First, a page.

The Cyberspace Administration of China (“CAC”) announced on 2 May 2017 the Measures for Security Review of Network Products and Services (Tentative) (the “Review Measures”), which will be formally implemented from 1 June 2017. The 16 articles of the Review Measures set up an institutional framework for the security review of network products and services. This is an integral part of the whole cybersecurity regime established by the Cybersecurity Law of the People’s Republic of China (the “Cybersecurity Law”). The Review Measures represents a further step and makes improvements to the CAC’s Measures for Security Review of Network Products and Services (Draft Review Measures) (the “Draft Review Measures”) which was released on 4 February 2017. This article will canvas the main provisions of the security review system for network products and services, the highlights of the Review Measures and the issues to be addressed, to provide guidance to companies in terms of cybersecurity compliance.

The Institutional Framework for the Security Review of Network Products and Services

The security review structure set up by the Review Measures includes: products and services subject to review, review focuses, authorities in charge of the review, rights and obligations of network product and service providers and legal responsibilities. Details are as follows:

Highlights in the Review Measures Compared with the Draft Review Measures

1.The term “public interest” has been removed.

Article 1[1] of the Review Measures explicitly states that the Review Measures is enacted under the National Security Law (the “National Security Law”), the Cybersecurity Law, and other relevant laws and regulations of the People’s Republic of China. Pursuant to Article 59[2] of the National Security Law, the national security review and supervisory systems and mechanisms are set up to deal with “network information technology products and services that affect or may affect national security”. Article 35 of the Cybersecurity Law provides: “Where CII operators purchase network products and services that may affect national security, they must go through a security review organized by the national cyberspace authority in conjunction with relevant departments of the State Council.”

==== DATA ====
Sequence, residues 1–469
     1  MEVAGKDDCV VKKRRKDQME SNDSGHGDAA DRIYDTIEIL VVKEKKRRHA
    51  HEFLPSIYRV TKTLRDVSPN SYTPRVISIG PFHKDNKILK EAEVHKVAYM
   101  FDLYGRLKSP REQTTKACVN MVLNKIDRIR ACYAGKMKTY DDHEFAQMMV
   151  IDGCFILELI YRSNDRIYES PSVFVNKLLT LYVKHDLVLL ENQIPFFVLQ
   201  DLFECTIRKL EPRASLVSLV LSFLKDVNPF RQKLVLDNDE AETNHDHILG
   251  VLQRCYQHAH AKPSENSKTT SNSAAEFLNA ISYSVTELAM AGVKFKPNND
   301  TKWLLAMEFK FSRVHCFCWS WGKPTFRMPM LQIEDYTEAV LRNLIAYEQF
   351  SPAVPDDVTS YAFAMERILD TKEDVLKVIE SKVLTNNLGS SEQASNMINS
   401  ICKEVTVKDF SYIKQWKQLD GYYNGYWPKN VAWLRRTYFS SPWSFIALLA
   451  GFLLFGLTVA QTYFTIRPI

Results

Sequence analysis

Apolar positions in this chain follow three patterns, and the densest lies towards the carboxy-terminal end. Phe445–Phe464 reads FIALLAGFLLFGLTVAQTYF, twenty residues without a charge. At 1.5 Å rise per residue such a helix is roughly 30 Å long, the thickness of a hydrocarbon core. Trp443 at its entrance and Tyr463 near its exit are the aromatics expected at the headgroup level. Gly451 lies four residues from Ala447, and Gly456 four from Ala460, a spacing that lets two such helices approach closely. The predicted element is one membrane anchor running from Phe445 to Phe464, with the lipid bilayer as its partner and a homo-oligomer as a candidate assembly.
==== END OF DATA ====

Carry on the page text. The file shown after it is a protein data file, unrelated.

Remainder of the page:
The Review Measures does not use the term “public interest” that appeared in Articles 1, 2, and 4(5) of the Draft Review Measures. That is because implementing measures must be in strict accordance with the extent authorized by its higher-level statute and should not have an uncertainly expanded range of products and services subject to security review and the standards of review.

2.Standards of review are clarified.

Article 4 of the Review Measures stipulates that reviews will focus security and control of network products and services. Article 4 (2) amends the earlier Draft by substituting “supply chain security risk in the production, testing, and delivery of products and key components and their technical support” for “risks in the research and development, delivery of and technical support of products and key components”.

Because product R&D involves know-how, trade secrets and other core business resources, a risk review at the R&D stage is significantly more taxing Enterprises will also need to protect know-how and trade secrets from loss or damage during the security review. It is more practical and meaningful to evaluate security risks after it has been decided to actually make new products The Review Measures requirement of the security review at the time of “production and testing” rather than at the “research and development” stage is an improvement on the Draft.